BOULDER, Colo. (CN) — When customers speak, Medically Correct CEO Rick Scarpello listens.
“Quiq just came around from consumers saying, 'I want it to be more like smoking,'” Scarpello said of the fast-acting cannabis brand of topicals and edibles that launched last year. “People said, 'Look, I want to take this, I want to feel it right away.'”
While 37 states have approved medical marijuana to treat dozens of health conditions, the companies putting products in the hands of consumers rely not on lab-run clinical trials but on customer feedback to assess whether smoking or ingesting certain products eases pain or makes people feel energized or sleepy.
“We’re very limited in what we can and can't do,” Scarpello said. “The first few years of our business, the only legal way to test products would be to make a product, put it on the market and then go buy it.”
Colorado's Marijuana Enforcement Division now allows infused-products manufacturers like Medically Correct to bring home a limited number of products for development and quality control.
Scarpello is a believer — he believes cannabis heals and his company helps sick people. But he is also quick to acknowledge the industry needs more scientific research behind it.
“I can’t say, ‘Hey, this will take away your pain in your arm.’ Honestly, I'd be a snake oil salesman. There's no clinical studies or double-blind trials to show that,” Scarpello said.
Federal law continues to block the clinical research needed to support or debunk the general efficacy of cannabis as a treatment for certain illnesses, much less the benefits of specific products.
“We have people saying, ‘Hey, take this strain if you need to sleep.’ Well, each strain has a different concentration of THC, but it's also got all these other compounds. There are over 100 cannabinoids and then we have bioactive lipids called terpenes,” said Dr. Kent Vrana, director of the state certified medical marijuana research center at Penn State's College of Medicine. “No one has studied to say that a strain is good for a disease.”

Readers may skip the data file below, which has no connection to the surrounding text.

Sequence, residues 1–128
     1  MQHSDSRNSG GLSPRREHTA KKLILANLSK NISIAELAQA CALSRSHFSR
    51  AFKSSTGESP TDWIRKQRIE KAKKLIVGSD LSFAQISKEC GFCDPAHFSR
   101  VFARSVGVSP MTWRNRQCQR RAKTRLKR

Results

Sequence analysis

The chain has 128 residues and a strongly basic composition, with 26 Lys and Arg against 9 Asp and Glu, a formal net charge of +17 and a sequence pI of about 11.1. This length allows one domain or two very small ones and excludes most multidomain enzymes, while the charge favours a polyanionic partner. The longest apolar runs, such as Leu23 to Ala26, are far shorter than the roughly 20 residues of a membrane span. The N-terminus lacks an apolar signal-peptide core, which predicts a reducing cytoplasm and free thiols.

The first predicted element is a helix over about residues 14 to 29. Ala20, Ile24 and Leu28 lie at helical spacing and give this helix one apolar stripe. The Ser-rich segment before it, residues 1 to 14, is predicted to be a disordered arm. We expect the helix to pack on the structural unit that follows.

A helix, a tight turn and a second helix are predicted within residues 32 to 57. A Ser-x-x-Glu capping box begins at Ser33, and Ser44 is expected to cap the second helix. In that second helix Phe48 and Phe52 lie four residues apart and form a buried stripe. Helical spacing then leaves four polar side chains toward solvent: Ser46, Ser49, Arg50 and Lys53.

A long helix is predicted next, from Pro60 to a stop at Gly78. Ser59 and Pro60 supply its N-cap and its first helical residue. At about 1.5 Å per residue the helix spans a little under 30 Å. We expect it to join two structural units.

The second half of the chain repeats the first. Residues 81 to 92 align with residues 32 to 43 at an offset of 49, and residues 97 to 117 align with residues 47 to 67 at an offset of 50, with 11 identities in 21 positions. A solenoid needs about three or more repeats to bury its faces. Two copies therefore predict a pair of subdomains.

The U.S. Drug Enforcement Agency classifies cannabis with high levels of psychoactive THC as a Schedule I drug, meaning it's deemed to have high potential for abuse and no approved medical use. To study the plant, researchers must obtain a Schedule I license and purchase products from a lab approved by the National Institute on Drug Abuse, or NIDA.
A gulf, therefore, stands between what products the federal government approves for research and what consumers can buy down the street.
As a growing number of Americans consume cannabis each year for therapeutic reasons, understanding long-term and short-term benefits — and risks — becomes increasingly urgent.
“This is the first time we're talking about a drug that is very common, that is legalized for recreational use and legalized for medicinal use,” said Yasmin Hurd, director of the Addiction Institute at Mount Sinai. “It's very different for people from alcohol because we don't prescribe alcohol.”
“There has to be a better way of conducting clinical research so that researchers’ hands aren't tied so tightly that they can’t conduct the research. But of course, research that is monitored, where the results must be published whether or not the results are negative or positive,” Hurd added.
In place of clinical trials, some researchers have developed creative observational studies.
Cinnamon Bidwell, an assistant professor of cognitive science at the University of Colorado Boulder, was studying drug abuse when cannabis became legalized for recreational sales. She wanted to help fill in the gaps between policy and empirical scientific information.